Indian officers and officials expressed concerns before an Indian parliamentary committee on defence, service chiefs revealed dire shortfalls in equipment and investment.
According to an article that appeared in the Asia section of the print edition of ‘The Economist’:
“Judging from the three services’ own testimony, the airing of such grievances is long overdue. MPs were told that some 68% of the army’s equipment, much of which was first supplied by the Soviet Union, such as BMP-2 personnel carriers and Shilka anti-aircraft guns, may be described as “vintage”. Only 8% could be considered state-of-the-art. “To be prepared for…a two-front war, the huge deficiencies and obsolescence of weapons, stores and ammunition existing in the Indian army do not augur well,” said the army’s report.
In its own commentary the committee noted, by way of example, that despite its having repeatedly raised the matter for a decade, the army had still failed to provide soldiers with adequate body armour. The other services are no better: antiquated MiG-21 fighter jets still patrol the skies and the navy’s shipbuilding programme is a decade behind schedule.”
Contemporary criticism of the Indian military has drawn attention to several issues, such as lack of political reform, obsolete equipment, lack of adequate ammunition and inadequate research and development due to over-reliance on foreign imports.
In addition, the lack of a ‘strategic culture’ among the political class in India is claimed by some to have hindered the effectiveness of the Indian military. Critics believe these issues hobble the progress and modernisation of the military.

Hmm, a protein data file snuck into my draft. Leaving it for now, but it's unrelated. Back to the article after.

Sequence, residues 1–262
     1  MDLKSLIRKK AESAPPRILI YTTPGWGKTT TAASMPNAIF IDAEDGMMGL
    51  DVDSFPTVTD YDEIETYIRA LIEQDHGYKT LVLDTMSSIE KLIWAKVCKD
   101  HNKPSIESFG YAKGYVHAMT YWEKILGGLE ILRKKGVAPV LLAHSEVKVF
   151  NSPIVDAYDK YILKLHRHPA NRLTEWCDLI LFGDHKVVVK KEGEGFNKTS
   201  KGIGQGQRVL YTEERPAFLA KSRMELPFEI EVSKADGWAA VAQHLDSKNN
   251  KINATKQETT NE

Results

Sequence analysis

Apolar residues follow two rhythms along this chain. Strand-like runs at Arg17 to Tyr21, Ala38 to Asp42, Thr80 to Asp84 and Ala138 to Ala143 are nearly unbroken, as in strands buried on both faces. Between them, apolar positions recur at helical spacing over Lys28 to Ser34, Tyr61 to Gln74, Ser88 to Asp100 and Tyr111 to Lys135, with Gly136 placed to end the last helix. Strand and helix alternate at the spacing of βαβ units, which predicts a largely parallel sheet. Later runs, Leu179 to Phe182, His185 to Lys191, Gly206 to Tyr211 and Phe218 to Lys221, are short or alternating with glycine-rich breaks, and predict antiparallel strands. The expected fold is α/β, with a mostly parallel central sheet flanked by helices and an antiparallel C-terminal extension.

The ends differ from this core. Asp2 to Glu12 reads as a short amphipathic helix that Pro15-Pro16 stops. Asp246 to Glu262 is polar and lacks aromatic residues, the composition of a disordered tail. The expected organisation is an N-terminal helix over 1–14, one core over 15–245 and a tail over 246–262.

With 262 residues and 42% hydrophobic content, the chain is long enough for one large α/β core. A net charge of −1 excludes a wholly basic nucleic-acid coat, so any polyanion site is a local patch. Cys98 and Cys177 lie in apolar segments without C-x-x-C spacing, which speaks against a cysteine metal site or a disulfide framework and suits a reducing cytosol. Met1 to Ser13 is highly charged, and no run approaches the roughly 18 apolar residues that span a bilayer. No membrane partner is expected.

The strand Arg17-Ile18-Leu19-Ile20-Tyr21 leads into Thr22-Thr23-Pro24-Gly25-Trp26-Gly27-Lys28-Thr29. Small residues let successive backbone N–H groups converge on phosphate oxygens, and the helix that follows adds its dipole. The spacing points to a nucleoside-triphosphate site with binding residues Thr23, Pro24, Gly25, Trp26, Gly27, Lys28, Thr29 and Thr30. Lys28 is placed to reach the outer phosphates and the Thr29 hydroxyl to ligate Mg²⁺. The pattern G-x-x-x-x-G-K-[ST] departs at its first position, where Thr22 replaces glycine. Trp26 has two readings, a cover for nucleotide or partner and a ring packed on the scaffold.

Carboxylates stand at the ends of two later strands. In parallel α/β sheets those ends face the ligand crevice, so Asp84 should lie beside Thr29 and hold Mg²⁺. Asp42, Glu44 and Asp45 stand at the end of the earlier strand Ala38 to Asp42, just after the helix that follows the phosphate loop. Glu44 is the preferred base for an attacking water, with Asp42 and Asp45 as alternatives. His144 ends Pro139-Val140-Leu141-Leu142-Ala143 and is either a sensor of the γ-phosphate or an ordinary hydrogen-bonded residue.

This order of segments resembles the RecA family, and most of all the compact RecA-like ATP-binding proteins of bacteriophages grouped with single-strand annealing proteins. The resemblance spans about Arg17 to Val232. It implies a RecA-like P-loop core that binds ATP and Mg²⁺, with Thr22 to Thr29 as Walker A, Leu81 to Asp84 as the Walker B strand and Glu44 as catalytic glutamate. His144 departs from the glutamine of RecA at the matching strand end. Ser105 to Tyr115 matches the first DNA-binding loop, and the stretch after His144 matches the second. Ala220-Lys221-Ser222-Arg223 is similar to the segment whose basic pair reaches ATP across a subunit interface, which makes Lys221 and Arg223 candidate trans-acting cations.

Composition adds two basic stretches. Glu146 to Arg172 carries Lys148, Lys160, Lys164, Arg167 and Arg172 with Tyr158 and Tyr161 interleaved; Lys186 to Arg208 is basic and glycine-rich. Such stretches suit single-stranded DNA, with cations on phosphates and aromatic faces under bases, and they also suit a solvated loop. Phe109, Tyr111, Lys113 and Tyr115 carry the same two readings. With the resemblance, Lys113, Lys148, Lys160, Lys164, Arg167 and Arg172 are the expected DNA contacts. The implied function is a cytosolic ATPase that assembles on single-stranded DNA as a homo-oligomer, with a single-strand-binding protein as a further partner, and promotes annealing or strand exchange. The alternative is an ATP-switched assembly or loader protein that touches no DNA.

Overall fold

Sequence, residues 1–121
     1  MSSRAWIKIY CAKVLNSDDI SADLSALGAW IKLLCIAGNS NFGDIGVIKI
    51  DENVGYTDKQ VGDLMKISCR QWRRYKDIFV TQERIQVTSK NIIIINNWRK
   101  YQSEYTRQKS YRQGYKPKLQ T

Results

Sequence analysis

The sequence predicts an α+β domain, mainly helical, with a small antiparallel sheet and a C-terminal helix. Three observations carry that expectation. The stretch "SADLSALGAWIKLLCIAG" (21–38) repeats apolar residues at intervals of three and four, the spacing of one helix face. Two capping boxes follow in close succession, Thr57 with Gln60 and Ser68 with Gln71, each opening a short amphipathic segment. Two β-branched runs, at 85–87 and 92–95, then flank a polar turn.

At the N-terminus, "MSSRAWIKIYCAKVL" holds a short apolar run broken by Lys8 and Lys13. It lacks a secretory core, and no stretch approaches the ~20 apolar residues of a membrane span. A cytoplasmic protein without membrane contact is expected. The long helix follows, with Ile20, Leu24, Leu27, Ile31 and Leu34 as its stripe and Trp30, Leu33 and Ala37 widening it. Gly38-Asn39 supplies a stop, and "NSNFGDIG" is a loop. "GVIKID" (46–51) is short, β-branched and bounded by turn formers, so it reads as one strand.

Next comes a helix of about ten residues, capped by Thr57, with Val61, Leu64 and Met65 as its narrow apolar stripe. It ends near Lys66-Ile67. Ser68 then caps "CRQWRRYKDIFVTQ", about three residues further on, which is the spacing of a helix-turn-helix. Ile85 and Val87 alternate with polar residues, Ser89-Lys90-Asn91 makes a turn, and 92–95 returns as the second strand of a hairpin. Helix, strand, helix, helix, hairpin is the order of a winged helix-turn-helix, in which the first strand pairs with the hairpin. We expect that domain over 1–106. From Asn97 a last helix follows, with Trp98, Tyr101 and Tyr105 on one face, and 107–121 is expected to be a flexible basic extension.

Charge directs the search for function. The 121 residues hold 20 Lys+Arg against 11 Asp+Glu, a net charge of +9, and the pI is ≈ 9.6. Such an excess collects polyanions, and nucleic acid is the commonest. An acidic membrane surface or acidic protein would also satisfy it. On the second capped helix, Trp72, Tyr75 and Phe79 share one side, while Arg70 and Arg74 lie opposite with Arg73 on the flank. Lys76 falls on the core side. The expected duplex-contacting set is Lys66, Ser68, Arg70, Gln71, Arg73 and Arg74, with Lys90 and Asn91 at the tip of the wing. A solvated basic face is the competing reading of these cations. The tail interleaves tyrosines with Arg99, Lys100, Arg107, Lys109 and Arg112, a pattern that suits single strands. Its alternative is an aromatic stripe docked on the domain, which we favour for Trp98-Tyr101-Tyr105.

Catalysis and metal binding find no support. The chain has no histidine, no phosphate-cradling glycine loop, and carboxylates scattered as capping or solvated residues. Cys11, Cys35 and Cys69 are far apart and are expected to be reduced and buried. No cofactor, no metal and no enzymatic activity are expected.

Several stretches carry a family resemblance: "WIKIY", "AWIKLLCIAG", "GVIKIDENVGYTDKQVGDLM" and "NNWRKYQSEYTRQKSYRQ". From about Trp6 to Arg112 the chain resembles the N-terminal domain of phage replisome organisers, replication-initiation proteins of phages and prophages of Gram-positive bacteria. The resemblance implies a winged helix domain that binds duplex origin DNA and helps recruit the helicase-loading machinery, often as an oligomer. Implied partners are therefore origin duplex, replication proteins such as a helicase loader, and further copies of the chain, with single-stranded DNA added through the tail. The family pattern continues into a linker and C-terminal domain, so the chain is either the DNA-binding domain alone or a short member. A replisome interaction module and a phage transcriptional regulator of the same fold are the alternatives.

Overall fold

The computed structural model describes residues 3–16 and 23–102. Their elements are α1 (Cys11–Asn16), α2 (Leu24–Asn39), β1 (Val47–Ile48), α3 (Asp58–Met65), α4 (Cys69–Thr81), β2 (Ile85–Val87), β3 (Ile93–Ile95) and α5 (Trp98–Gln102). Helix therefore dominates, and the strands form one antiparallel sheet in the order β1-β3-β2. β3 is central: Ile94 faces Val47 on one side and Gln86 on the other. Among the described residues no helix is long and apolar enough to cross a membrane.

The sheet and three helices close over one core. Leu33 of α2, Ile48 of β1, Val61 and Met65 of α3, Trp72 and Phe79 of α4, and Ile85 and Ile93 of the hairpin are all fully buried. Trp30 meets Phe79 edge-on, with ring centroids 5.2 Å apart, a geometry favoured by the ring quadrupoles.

Recently, a hatch left open on the INS Arihant lead to saltwater flooding the propulsion area, rendering the $2.9 billion submarine inoperative.
The incident was first reported by The Hindu. According to an Indian Navy source, a hatch was left open allowing seawater to rush in. The Arihant issue rose soon after INS Chakra, the Nerpa class nuclear submarine leased from Russia, was reported to have suffered damage to its sonar domes while entering the Visakhapatnam harbour in early October.
INS Arihant is to be the first of the expected five in the class of submarines designed and constructed as a part of the Indian Navy’s secretive Advanced Technology Vessel project. The Arihant class submarines are reported to be based on the Akula class submarine.
India has an ambitious plan to build a SSBN fleet, comprising five Arihant class vessels.
INS Arihant was introduced to the public in 2009 at a symbolic launch ceremony. The launch coincided with the 10th anniversary of the conclusion of the Kargil War and consisted of floating the vessel by flooding the dry dock. Defence Professionals Daily claimed Arihant was launched without key systems including its nuclear reactor, surveillance equipment, and ordnance.
Prime Minister Singh billed the submarine as an outcome of a public-private partnership. He also thanked Russia in his address, stating, “I would also like to express our appreciation to our Russian friends for their consistent and invaluable cooperation, which symbolises the close strategic partnership that we enjoy with Russia.”